I read the chapters on "Effacacious Love" and "Keeping Short Accounts" this morning, and was thinking that there was so much good stuff that I should write a blog post about it, but now when I go back, I think perhaps there is too much to quote, and I'm having a hard time picking which things to mention.

He has a section on beauty and speaks about the bad tendencies in our culture to place focus on outward things (one example he gives is the difference between playing with dolls with the girl in the role of the mother versus playing with Barbie dolls with the girl playing the role of the doll) but goes on to say that some in the church react to that by saying beauty is only inward, and ignoring the outward beauty that God has created.  He quotes various Old Testament scriptures that speak of the outward beauty that the women had (Sarah, Rebekah, Rachel, Abigail, Bathsheba, Tamar, Esther)  He humorously says that you may be saying, "Duh, everyone knows there are pretty women..."  But, he also says, "a man who marries biblically should expect his wife to be visibly lovelier on their tenth anniversary - and if she is not, he knows that he is the one responsible. But as the one responsible, he has to know where true beauty begins."  As Heather and I approach our ninth anniversary, I can say with confidence that Heather definitely is on the right track, despite my failings.

"When a woman is lovely in her spirit, that loveliness cannot be contained.  It enchants her husband."

"As he loves her, she bears fruit.  As she bears this fruit, it delights him.  In this delight he loves her more, and she bears more fruit.  The wife is to cooperate fully, receiving his love, but he is the one responsible to give it."

Another challenging and convicting quote:

"A husband cannot say, 'All my behavior notwithstanding, I still honor my wife, even though I never show it.' Husbands must honor their wives.  This is a demonstration within marriage of an attitude which we should see elsewhere in the church."

In the "Keeping Short Accounts" chapter, I found a good analogy in picking things up off the carpet and confessing sin immediately.  That while the end result looks the same, picking things up immediately, rather than letting them sit for 6 months is quite different.

"If we confess our sins, He is faithful and just to forgive us our sins and to cleanse us from all unrighteousness." -- 1 John 1:9

He says that while our justification is not affected by confession of sin, "refusal to confess sin does affect the quality of a person's enjoyment of his justification."  And reminds us of Psalm 51, "Restore to me the joy of Your salvation".

Posted by Jon Daley on March 22, 2010, 9:00 am | Read 39910 times | Comments (1)
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It's definitely a telling commentary on my life that the first chapter of Total Church, "Why Gospel?" was less exciting to me than the following chapter, "Why Community?".  I think the former is in my head only, where the latter is in my head and heart.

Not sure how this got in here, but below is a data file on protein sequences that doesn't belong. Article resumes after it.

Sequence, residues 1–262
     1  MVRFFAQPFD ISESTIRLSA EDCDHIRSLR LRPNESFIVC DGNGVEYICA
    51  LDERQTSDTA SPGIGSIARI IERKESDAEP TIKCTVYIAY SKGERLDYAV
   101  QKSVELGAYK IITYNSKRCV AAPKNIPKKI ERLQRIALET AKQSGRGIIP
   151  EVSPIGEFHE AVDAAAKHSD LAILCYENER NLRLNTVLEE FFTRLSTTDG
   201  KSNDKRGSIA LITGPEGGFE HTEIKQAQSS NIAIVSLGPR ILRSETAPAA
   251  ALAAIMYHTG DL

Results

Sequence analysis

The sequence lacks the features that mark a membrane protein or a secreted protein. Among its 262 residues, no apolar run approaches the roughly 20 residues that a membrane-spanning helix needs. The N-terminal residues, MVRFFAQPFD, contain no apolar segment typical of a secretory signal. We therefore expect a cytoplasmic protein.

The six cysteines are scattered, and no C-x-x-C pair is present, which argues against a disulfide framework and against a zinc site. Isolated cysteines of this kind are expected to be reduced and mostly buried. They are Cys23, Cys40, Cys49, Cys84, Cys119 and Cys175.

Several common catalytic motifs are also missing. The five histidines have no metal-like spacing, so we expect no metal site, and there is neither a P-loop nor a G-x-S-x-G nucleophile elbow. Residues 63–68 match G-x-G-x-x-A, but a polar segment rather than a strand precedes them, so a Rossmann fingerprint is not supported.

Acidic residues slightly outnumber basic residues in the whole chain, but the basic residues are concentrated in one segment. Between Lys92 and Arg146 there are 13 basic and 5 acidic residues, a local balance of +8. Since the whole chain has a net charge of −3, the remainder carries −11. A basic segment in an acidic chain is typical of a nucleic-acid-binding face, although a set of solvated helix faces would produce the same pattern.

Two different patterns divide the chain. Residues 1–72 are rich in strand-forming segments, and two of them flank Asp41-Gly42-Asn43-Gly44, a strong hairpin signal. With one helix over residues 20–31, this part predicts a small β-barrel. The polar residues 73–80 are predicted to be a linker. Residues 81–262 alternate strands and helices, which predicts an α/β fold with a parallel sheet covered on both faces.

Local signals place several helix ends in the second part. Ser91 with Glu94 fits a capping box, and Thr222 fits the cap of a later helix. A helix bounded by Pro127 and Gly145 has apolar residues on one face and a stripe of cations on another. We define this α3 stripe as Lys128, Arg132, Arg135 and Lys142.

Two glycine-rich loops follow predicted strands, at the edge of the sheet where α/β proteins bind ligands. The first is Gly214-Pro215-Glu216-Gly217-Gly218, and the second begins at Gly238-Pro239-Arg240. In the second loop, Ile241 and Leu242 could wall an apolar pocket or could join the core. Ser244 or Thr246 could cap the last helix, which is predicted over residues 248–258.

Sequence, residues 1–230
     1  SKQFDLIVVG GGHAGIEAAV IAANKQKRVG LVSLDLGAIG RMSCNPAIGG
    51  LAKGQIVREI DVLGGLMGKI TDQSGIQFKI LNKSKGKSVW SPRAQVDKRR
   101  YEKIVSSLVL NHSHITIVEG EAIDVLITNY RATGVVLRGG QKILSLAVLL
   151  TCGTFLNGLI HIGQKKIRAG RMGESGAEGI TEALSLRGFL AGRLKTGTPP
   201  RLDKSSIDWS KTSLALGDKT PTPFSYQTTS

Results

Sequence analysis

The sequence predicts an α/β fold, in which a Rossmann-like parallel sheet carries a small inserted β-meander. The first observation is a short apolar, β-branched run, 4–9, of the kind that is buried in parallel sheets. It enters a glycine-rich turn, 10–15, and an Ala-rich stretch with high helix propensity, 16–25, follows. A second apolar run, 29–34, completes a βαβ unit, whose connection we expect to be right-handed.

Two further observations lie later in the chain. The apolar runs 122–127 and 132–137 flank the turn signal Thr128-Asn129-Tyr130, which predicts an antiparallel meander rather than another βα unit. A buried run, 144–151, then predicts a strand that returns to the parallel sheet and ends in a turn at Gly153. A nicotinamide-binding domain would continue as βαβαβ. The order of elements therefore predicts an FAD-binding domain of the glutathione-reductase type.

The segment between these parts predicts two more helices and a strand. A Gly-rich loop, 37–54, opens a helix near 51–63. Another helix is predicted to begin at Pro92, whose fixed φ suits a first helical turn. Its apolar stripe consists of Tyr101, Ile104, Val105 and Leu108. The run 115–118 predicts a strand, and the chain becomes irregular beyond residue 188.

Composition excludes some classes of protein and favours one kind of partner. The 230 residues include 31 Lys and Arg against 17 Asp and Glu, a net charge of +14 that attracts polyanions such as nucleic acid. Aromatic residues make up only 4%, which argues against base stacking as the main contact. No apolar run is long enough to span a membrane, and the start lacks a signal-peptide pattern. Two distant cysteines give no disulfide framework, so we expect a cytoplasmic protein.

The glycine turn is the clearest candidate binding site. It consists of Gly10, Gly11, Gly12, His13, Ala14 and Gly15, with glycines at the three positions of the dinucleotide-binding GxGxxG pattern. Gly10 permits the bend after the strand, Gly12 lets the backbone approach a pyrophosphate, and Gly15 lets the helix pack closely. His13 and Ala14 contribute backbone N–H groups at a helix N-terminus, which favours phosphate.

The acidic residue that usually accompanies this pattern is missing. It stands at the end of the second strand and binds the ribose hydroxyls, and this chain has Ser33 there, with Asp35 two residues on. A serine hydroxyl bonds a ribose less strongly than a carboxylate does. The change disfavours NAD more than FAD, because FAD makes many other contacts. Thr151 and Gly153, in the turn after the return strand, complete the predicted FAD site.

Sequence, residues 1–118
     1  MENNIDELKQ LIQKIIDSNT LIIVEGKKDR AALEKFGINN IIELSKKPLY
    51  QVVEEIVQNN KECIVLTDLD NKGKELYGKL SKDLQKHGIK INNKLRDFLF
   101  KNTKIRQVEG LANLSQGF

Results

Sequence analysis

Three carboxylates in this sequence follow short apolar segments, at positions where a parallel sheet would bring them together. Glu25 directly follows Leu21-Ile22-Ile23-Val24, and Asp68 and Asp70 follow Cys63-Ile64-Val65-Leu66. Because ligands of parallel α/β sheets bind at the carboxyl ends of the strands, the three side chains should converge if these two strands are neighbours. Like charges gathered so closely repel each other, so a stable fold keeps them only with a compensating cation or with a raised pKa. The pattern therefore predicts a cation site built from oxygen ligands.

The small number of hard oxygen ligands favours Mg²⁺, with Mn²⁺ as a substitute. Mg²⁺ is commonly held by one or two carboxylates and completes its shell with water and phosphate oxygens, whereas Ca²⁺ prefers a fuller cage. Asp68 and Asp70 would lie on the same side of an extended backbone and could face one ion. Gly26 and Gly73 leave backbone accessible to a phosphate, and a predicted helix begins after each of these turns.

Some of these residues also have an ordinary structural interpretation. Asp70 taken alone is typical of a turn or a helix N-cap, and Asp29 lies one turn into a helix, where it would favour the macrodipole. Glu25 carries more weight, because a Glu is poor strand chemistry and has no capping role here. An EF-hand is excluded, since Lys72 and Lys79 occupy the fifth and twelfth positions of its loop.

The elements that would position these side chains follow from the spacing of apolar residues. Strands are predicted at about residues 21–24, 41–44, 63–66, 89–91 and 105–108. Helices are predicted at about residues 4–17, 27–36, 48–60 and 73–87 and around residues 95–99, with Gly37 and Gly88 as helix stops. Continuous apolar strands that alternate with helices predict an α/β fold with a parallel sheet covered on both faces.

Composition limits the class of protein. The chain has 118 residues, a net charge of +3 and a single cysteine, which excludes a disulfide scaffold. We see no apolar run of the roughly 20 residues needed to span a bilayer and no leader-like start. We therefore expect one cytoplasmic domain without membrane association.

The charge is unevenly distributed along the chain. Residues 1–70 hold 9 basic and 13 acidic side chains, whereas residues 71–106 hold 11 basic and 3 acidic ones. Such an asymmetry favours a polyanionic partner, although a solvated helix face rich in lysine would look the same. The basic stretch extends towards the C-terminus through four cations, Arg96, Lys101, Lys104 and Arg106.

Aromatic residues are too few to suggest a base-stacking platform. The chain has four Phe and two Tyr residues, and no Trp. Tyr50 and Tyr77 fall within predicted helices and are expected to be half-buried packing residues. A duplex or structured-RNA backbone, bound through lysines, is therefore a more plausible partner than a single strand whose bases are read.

Posted by Jon Daley on March 20, 2010, 10:31 am | Read 7817 times | Comments (3)
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I've just started reading a book I ordered from the library. I don't remember who recommended it - probably either someone at Jubilee, or else a blog I read.

Based on the number of things I've liked so far, and I'm only through the introduction, I suspect I'm going to really like this book. They start out by giving four people with different stories. I'll quote this one because it is exactly me:

"Cathy became a Christian in her first year at university. It was great. She spent hours hanging out with her Christian friends, talking through their faith, praying together, sharing the gospel with other students. But two years after graduation she feels spiritually flat. She goes to church each Sunday and attends a home group on Wednesday evenings. But she misses the intimacy of the relationships she had at university. She misses the discussions, the enthusiasm, and the late night prayers. She laughs to herself at how immature they were sometimes. But she can't help wondering whether 'grown-up' Christianity is any better. If only there were a different way of doing church."


Posted by Jon Daley on March 16, 2010, 10:47 pm | Read 6571 times | Comments (7)
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It got up to 67 F outside this afternoon.  We had a picnic lunch and then spent a long time outside enjoying the sunshine (kids absorbing lots of vitamin D) and playing with rocks.  Jonathan cleaned and filled the hummingbird feeder.  I filled the regular bird feeder.  I put away shovels and cleaned up the yard a bit (rocks from the paths had gotten shoveled into the grass with the snow).  Hooray for spring!  I even opened up the windows to let some fresh air in.  It only lasted for about an hour because the outside temperature started dropping, but it was very nice.  (More)